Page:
X-Ray computed Tomography or CT-scan is a radiological technique. It is, just like radiography, based on the use of X-rays. It therefore rests on the principle of differential absorption of X-rays by tissues, a principle that we made clear under the study of radiography.
The term scanner is often used to refer to this technique. In fact, the word scanner indicates the apparatus used to carry out the examination.
It’s made up of a mobile table on which the patient lies down, and an X-ray emitting tube which turns around the patient. Here is how it works:
Detectors measure the intensity of the rays emitted by the tube.
On the other side, receivers, composed of digital sensors, record the intensity received, after having passed through the patient’s body.
This device is linked to a computer, which will process the digital data. An image in grayscale is obtained by the difference in intensity between incident and emergent rays, which are calculated for different angles.
Given that the rays penetrate perpendicular to the main axis of the body, the images obtained are horizontal sections.
The patient is always lying down. To explore a whole region, the abdomen for example, we produce a succession of sections. While the tube turns and emits radiation the table moves a constant speed over a tiny distance each. time. The images are viewed in real time, on a computer console, by the radiology technician. They are then interpreted by the radiologist
Remember that the radiographic image is a projected view where all of the organs are superimposed in the same plane.
CT-scanning provides views in section. But computer processing of a succession of sections can reconstruct an image in 3 dimensions. The physician thus has a precious tool for locating and evaluating the depth of a lesion, for example.
Furthermore, CT-scan image has better resolution where contrast is concerned.
Some specific low density tissues cannot be observed other than by using a contrast medium. This reconstruction of the cerebral arteries, for instance, could not have been produced except by injection of a contrast medium based on iodine.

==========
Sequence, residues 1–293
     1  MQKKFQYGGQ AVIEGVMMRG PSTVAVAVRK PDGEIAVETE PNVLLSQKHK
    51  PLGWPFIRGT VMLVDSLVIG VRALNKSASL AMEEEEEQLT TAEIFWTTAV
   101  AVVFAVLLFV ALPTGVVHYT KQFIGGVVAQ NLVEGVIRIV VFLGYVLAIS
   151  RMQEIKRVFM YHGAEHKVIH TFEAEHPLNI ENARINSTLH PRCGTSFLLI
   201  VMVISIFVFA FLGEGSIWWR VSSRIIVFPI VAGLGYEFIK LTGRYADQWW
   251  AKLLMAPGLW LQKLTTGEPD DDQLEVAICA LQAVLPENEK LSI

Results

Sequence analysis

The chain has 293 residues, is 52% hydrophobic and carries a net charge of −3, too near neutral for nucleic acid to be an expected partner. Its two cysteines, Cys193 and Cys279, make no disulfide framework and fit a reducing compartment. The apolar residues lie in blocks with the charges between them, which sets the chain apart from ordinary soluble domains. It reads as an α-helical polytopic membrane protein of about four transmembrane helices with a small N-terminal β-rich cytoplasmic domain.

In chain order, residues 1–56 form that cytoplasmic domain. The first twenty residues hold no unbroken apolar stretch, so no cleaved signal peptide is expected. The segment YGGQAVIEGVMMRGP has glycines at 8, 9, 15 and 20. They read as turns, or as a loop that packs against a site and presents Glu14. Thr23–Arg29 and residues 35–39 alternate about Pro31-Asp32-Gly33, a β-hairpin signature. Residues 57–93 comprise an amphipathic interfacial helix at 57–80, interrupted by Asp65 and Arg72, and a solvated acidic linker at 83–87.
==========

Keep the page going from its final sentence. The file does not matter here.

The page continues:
One has to recognize that the power of a scanner lies to a very great extent in the computer processing that is associated with it. Thanks to that, the physician can reconstruct planar sections – superimpose the tissues – and thus navigate inside the reconstructed body of the patient.
Virtual endoscopy, as its name indicates, is a non-invasive method for observing the interior of a conduit, like the bronchi in this sequence.
This relatively new technique requires a specific kind of CT scan –called spiral mode – and expensive software, but its use is developing.
Since this technique uses X-rays, we take the same precautions as we do with radiography, that is limiting the number of examinations. The apparatus are becoming more and more high-performance and the amount of radiation the patient receives is not that much greater than in the case of radiography.
There is also a risk of allergic reaction to the iodine contrast media, but that can be limited.
Finally, the use of a scanner is an examination that is costly in both material and time, and it is necessary to keep a close watch to ensure that guidelines are being followed.